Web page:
Abstract: There continues to be an increase in the number of Board Certified Behavior Analysts (BCBA) who enter the field (BACB, 2023). Recent survey research suggests the BCBA turnover is occurring across organizations. There are a number of variables that contribute to BCBA turnover; however, the overarching trend was that there is a lack of support from upper management and ongoing learning opportunities to expand their skills (Blackman et al., under review). It is the organization’s responsibility to put processes in place to support their supervisors in engaging in best practice supervision, as this impacts provider skill, client outcomes, and retention. Taking information from clinical psychology literature, this presentation will outline the effects of and evolution of organizational processes at a mid-size organization on supervisor and provider skill. A discussion surrounding how each intervention was selected, why the processes evolved, and the use of data to guide those changes will be discussed.
Procedural Integrity Data Collection Practices
CANDICE COLÓN (LEARN ), Santino LoVullo (LEARN Behavioral), Abigail Blackman (Behavior Science Technology)
Abstract: Monitoring procedural integrity in clinical settings may entail: observation, data collection, progress tracking, data analysis, and feedback. In addition, throughout the course of procedural integrity monitoring, data analysis may indicate that modifications to the client’s plan may be necessary to support progress and/or that additional training is necessary to support the correct implementation of the planned intervention. In relation to ongoing support and training, there is an estimated turnover of 45-75% annually for technicians who provide direct applied behavior analysis (ABA) services (Molko, 2018; Sundberg, 2016) for clients diagnosed with autism. Such high turnover rates can affect client outcomes and success (Szczech, 2008) and may result from a lack of evidence-based initial and ongoing training procedures (DiGennaro Reed & Henley, 2015). Given the importance of procedural integrity to support the training process and quality of services, this presentation will share common barriers to its implementation that were found via a survey of BCBAs and discuss solutions to these barriers in an effort to facilitate consistent implementation of the procedural integrity monitoring process.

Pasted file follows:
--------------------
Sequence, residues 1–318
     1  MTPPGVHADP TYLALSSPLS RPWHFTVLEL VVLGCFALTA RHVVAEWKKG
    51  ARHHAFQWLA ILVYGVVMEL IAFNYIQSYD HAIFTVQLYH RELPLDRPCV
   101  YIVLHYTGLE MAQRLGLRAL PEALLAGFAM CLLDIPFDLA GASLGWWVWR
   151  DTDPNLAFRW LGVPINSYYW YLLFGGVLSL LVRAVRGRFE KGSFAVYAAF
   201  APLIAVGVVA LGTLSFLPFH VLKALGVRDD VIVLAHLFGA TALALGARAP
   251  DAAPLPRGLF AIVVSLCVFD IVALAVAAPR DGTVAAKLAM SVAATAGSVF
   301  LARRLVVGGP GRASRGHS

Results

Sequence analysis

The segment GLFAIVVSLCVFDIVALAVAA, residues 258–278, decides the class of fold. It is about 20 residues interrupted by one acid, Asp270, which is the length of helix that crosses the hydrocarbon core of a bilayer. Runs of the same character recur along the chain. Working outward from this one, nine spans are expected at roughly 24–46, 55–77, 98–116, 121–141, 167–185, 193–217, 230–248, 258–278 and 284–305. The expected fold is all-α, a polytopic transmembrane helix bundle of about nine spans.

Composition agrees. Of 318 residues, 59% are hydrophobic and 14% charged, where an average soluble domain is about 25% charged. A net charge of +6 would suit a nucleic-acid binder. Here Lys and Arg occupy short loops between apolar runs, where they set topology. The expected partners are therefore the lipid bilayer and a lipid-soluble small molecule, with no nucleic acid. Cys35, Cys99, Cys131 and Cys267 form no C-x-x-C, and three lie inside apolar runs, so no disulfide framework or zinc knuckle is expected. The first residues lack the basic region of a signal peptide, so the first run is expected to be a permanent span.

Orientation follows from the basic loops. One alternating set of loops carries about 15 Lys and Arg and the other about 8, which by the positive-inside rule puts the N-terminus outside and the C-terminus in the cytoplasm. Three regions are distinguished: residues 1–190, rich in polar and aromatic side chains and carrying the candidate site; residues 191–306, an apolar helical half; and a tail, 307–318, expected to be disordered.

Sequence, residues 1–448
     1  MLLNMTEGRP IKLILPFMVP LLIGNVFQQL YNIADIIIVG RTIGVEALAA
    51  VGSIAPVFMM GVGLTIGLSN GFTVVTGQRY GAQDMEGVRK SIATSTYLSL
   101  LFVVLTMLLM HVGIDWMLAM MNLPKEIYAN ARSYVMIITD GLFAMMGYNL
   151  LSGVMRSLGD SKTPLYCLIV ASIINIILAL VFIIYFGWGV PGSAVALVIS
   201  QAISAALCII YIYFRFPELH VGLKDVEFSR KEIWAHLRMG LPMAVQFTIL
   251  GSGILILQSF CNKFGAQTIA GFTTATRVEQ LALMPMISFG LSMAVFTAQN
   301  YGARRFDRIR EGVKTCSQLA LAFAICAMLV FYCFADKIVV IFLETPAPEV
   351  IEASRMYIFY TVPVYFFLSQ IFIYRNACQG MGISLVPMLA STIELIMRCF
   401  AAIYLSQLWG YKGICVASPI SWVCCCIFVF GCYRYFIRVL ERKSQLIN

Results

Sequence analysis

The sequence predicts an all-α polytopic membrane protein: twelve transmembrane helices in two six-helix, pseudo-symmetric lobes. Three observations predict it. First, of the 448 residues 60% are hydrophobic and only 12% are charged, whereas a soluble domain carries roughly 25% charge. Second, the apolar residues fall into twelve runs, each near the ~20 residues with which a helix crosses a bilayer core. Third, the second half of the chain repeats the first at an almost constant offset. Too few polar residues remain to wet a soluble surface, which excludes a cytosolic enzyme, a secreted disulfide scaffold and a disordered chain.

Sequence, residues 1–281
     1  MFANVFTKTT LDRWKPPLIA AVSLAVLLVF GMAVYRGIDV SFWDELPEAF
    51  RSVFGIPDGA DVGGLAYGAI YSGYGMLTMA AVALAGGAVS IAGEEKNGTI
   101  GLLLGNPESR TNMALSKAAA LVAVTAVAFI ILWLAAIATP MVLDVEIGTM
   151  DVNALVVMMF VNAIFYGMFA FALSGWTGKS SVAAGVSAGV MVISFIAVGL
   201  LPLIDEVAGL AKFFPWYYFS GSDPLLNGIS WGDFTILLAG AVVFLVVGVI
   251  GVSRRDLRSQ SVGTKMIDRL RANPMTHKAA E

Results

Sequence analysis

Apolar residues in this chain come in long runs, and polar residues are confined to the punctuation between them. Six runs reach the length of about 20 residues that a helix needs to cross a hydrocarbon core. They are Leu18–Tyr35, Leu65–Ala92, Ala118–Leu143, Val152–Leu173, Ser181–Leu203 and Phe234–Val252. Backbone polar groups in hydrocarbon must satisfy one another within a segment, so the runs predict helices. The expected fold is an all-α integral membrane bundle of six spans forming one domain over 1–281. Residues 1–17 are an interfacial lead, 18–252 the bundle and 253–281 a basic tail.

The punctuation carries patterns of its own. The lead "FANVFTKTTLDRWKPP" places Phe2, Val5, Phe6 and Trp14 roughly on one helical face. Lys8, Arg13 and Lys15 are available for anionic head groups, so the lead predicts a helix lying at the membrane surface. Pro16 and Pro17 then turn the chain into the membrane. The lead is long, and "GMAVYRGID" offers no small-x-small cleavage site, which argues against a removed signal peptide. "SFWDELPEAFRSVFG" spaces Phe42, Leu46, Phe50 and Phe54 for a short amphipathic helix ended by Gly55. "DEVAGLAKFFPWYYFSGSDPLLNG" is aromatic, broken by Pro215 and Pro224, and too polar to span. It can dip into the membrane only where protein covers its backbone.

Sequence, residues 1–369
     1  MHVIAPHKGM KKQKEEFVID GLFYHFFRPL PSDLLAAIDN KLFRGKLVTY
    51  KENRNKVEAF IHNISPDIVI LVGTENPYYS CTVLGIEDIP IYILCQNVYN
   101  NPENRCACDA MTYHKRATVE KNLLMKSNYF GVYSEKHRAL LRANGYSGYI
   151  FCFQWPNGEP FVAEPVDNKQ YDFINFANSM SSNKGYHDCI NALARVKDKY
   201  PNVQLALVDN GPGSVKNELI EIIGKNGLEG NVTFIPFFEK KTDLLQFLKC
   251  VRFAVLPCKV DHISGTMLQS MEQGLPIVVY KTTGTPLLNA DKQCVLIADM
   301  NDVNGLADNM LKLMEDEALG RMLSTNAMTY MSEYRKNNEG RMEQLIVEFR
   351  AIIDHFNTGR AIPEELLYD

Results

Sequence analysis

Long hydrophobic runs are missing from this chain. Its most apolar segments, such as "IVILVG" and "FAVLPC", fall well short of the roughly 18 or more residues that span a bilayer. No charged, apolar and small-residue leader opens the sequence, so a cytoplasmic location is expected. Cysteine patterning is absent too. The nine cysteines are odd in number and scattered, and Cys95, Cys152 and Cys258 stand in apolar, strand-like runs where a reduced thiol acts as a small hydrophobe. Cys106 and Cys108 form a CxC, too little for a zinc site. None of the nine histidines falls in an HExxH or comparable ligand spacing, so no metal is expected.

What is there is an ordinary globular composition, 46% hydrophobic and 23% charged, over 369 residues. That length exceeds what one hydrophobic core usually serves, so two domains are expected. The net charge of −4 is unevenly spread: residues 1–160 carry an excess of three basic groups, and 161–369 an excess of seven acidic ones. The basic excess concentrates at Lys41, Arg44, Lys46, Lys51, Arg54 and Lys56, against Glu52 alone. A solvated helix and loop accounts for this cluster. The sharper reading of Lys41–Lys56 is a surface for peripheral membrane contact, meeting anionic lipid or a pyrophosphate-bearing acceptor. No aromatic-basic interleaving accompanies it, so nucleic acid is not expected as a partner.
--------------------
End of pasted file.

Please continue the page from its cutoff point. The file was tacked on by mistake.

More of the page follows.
Large-Scale Procedural Integrity Data: Predictors of Turnover and Quality Service Deliver

ABIGAIL BLACKMAN (Behavior Science Technology), Tricia Glick (Behavior Science Technology), Troy Glick (Behavior Science Technology)

Organizational leaders should focus on creating sustainable systems to support their supervisors in providing high-quality supervision to staff. One of the behaviors that supervisors must engage in to effectively support their staff is collecting data on integrity. Integrity is the extent to which a procedure is implemented as designed (Gresham 2004; Sanetti & Kratchowill, 2009). Research has revealed a correlation between higher levels of integrity and greater clinical outcomes (e.g., quicker skill acquisition; e.g., DiGennaro Reed et al., 2007). Unfortunately, recent survey results revealed that these data are not often collected, tracked, or analyzed in practice. Therefore, this presentation will discuss: 1) how organizations can evaluate their current processes to determine their efficiency and make necessary changes (Diener et al., 2009; McGee & Crowley-Koch, 2019); 2) how and when organizations should collect procedural integrity data; and 3) how to analyze these data at the individual provider, team, and organization levels to impact provider performance and quality service delivery. Additionally, the benefits of aggregating and analyzing integrity data and how the data can be used to inform retention and training and development initiatives will be discussed.




Back to Top
Modifed by Eddie Soh